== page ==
My heart nearly stopped when I opened the mail and saw our new budget plan for oil and propane this year. It had gone up an additional $140 from last year per month. (It was already high.) It's now $10 less than our first house payment, which was only bought six and one-half years ago. I resorted to Lamaze breathing all day long every time I thought of it. I keep reminding myself that the Lord cares for me, and He is not limited by price. We must trust Him, because He is trustworthy, and He has never failed us yet.
I was fretting about a lack of money about 12 years ago. My dear friend Matthew said to me in his Texas drawl (in response to my "But it's $___!!"), "He has a lot more than that, y'know. My Father owns the cattle on a thousand hills." I've thought of it often over the years.
Our Father is the One who multiplied the loaves and fishes, who caused the widow's oil and flour to never run dry, and of whom it is said, "Cast all your cares on Him, because He cares for you." "Be anxious for nothing, but in everything, by prayer and supplication with thanksgiving, make your requests known unto God. And the peace of God, which passes understanding will keep your hearts and minds through Christ Jesus."
I came across this verse out of Deuteronomy 8 as I pondered my needs and God's ability to meet them: "He humbled you and made you hungry; then He fed you on manna." Later in the chapter, it says clearly that His purpose was to do them good. God's purpose is to do us good. To feed us manna, instead of the bread that results from our work.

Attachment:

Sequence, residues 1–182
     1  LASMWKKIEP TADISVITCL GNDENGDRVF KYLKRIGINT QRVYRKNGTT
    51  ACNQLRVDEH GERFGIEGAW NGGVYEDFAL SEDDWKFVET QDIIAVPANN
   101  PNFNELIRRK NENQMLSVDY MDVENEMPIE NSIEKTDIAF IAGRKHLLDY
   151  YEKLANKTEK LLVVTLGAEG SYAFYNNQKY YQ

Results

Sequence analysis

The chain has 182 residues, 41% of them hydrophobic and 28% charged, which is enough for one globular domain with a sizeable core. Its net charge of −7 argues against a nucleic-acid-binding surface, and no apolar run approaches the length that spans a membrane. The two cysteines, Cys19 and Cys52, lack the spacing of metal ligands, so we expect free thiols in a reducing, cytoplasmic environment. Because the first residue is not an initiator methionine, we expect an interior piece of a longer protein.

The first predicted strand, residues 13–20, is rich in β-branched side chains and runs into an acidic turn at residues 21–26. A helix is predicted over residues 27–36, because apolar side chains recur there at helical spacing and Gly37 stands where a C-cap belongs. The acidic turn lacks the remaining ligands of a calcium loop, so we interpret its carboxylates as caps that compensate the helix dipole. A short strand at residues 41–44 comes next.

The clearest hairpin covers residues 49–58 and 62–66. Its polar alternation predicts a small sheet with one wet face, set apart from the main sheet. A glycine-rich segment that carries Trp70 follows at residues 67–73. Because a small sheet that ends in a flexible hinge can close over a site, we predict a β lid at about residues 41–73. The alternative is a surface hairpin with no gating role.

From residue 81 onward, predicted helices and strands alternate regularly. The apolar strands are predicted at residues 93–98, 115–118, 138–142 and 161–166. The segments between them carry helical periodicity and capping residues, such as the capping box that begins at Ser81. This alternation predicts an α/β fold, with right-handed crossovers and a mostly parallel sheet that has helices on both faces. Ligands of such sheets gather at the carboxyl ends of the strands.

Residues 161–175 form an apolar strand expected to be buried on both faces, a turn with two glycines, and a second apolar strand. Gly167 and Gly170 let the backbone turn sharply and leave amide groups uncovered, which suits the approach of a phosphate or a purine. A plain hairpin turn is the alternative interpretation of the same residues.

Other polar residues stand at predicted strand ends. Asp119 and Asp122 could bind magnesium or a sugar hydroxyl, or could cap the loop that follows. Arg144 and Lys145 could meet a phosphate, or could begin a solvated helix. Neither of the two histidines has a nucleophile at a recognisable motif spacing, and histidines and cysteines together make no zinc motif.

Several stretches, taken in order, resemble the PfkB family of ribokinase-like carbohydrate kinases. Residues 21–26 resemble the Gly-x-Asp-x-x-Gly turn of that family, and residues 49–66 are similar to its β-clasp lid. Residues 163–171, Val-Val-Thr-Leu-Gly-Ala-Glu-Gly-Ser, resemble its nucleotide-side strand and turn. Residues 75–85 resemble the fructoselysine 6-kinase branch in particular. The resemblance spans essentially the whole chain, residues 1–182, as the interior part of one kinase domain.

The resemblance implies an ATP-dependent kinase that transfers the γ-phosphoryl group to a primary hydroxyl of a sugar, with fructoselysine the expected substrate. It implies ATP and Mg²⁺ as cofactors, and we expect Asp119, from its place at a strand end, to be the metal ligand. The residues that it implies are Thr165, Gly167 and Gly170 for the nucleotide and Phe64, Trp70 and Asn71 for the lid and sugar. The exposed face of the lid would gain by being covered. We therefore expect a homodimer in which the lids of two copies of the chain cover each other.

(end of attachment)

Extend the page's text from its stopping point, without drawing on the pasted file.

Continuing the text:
Why is that humbling? Because I can't do it. Because I need Him. Because it makes me a beggar of God. Jesus said we have to have faith like a child. A child has to ask for its needs to be met. A child can't reach the shelf the cups are stored on. If my children are thirsty, they have to let me know. They can't walk in so self-sufficiently to the kitchen, get their own drinks, and move on with their own plans in life. They don't have life insurance policies and 401k's and savings accounts. They have a father. They have to just be children, and Daddy will feed them.
The daughters of multimillionaires do not concern themselves with the price of oil or of food. It doesn't matter to them, 'cause Daddy's rich. My Daddy pays the bills, and I just need to remember it. And if Daddy pays my bills, it's a lot easier to not hold so tightly to the money in my hands. (If it's not my money, I spend it much more freely.) We needed something to lean harder on Jesus for. It always keeps us closer.
"Our Father, who art in heaven, hallowed be Thy name.
Thy kingdom come.
Thy will be done on earth as it is in heaven.
Give us this day our daily bread,
and forgive us our debts as we forgive our debtors.
And lead us not into temptation, but deliver us from evil.
For Thine is the kingdom, and the power, and the glory forever. Amen."